Talking about her infatuation with plants (she repeatedly draws them in her paintings, too), Shabbir describes her childhood experience of cleaning each leaf of every plant in her mother’s home garden. “My inspiration does not change, it evolves.”Today,she performs the same task but now washes them in dyes of different hues. At the exhibition, the artist displayed four works on paper, where vegetation, water, rain, spaces, enclosures, perspective and geometric shapes are represented. She combines geometry with the natural substance, and small and insignificant marks with exuberant and exquisite areas.

Actually, the artist has reinterpreted the bordersin a traditional miniature painting into spatial, political and social boundaries. Flowering trees, bright and colourful vegetation, overcrowded growth are contained ina cube,Mosaic of Processes 2. Confined to two curved forms,The Stairwell of a Garden covers the inner surface of a circular structure.The Grass that Keeps, consists of a wall with sharp turns and edges.

In a way, these compositions are about conversions between nature and nurture, discipline and freedoms, between stillness and movement.These can also be read as metaphors for another confinement:the enslavement of women inside built structures. In patriarchal societies, females, conventionally considered as beautiful, delicate and vulnerable as roses, are forced indoors. These restraints are imposed on the pretext of convention, religion, honour, but essentially todeny a woman’s rights and constrain her space.

Many citizens can still recall reading a news report on September 11, 2020, about the gang rape of a mother in the presence of her children while she was driving on the Lahore-Sialkot Motorway. This heartless, inhuman and heinous crime took place in a field away from the road. In the past, Shabbir has produced a single-channel video with the footage of rice paddy fields, bent by the force of wind, focusing on a location one could associate with the site of the assault, (in upper Punjab, rice fields are spread everywhere).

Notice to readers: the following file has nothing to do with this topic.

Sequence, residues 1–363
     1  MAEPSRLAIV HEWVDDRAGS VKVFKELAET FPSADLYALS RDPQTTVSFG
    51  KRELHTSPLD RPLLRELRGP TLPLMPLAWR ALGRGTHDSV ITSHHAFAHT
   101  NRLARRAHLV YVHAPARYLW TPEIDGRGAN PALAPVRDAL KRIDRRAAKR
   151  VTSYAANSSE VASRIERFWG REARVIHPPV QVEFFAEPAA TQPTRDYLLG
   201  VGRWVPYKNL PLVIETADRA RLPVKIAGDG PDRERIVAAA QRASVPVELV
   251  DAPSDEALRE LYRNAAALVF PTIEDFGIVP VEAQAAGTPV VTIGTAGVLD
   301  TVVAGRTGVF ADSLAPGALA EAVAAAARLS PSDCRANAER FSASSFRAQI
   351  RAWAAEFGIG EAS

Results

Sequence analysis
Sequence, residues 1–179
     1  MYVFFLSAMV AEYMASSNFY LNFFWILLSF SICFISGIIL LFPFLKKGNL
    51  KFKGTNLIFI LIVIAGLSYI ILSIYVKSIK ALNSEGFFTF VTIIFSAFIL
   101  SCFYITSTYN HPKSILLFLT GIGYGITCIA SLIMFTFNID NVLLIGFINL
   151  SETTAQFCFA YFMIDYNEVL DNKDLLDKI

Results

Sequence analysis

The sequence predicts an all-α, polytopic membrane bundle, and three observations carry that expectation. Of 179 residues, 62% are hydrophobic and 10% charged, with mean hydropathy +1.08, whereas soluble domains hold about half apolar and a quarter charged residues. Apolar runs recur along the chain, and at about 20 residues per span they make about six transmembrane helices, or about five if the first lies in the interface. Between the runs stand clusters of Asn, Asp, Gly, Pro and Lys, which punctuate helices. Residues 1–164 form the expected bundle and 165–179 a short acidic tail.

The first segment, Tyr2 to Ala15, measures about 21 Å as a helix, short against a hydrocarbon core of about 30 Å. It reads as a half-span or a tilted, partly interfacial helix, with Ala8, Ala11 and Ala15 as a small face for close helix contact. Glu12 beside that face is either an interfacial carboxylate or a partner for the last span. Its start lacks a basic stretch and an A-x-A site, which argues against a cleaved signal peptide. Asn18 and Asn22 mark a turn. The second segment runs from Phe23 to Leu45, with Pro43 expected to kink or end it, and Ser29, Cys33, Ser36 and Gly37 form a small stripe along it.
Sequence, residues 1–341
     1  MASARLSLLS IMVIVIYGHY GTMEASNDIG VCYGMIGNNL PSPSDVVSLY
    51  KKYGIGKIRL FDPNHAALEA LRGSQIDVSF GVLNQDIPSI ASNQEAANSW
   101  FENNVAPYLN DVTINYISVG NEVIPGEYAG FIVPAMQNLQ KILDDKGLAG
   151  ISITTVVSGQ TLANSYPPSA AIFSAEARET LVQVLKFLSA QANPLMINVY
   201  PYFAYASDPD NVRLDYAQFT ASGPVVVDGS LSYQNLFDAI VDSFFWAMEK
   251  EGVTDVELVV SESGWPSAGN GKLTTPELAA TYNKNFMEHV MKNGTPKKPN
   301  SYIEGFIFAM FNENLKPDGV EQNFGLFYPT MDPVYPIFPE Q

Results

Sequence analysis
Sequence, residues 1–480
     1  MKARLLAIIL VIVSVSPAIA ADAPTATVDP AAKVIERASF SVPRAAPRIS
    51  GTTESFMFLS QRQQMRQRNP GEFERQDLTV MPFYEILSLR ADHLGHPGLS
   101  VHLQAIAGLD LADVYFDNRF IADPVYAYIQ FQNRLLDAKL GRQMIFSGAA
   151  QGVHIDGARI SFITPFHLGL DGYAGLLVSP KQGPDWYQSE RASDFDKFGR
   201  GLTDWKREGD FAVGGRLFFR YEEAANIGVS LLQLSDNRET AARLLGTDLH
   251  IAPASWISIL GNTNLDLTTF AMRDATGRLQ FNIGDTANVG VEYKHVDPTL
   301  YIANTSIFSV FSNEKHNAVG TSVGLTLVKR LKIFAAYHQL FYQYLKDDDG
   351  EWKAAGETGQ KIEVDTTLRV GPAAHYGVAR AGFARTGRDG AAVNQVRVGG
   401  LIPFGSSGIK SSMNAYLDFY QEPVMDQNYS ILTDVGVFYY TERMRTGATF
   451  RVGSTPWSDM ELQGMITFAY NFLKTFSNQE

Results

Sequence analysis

At the LLF exhibition, this footage is resurrected into another, different body of work. Once a visitor moved from one side of the display to another area of the gallery, he/she walked amid two illuminated walls of paddy fields, with stems swaying in the wind. Passing through this split wall of paddy fields couldalso echothe parted waters of the Red Sea, as Moses led his people away from the cruelty of the Pharaonic Egyptians. The small journey in the middle of this installation with leaves and stems shifting with the breezewas a reminderof the helplessness of the female traveller, and women in general in our surroundings.

Metamorphosis at home

The present body of work by Wardha Shabbir is about multiple manifestations of reality, and its representation. At one end, there were natural plants, metal, wood, pebbles and local soil along with bird’s sounds,If A Tree Could Wander, and in the next room there were (four) pictorial descriptions of eternal bliss in the form of various plantations. The bridge between the two realities was the video installation of paddy fields (A River) that revealed another side of existence, related to painand loneliness.

In her single-channel video projection Tanhai/Solitude, a round disk was layered with swiftly moving clouds. In an uncanny way the circle with clouds appeared like moon due to its shape and fluctuating clouds. In the presence of Tanhai/Solitudeone close to the moon. Thus the video – and the other works on display, stitched the sky and earth in front of our eyes and inof our minds.

The writer is an art critic based in Lahore

Metamorphosis at home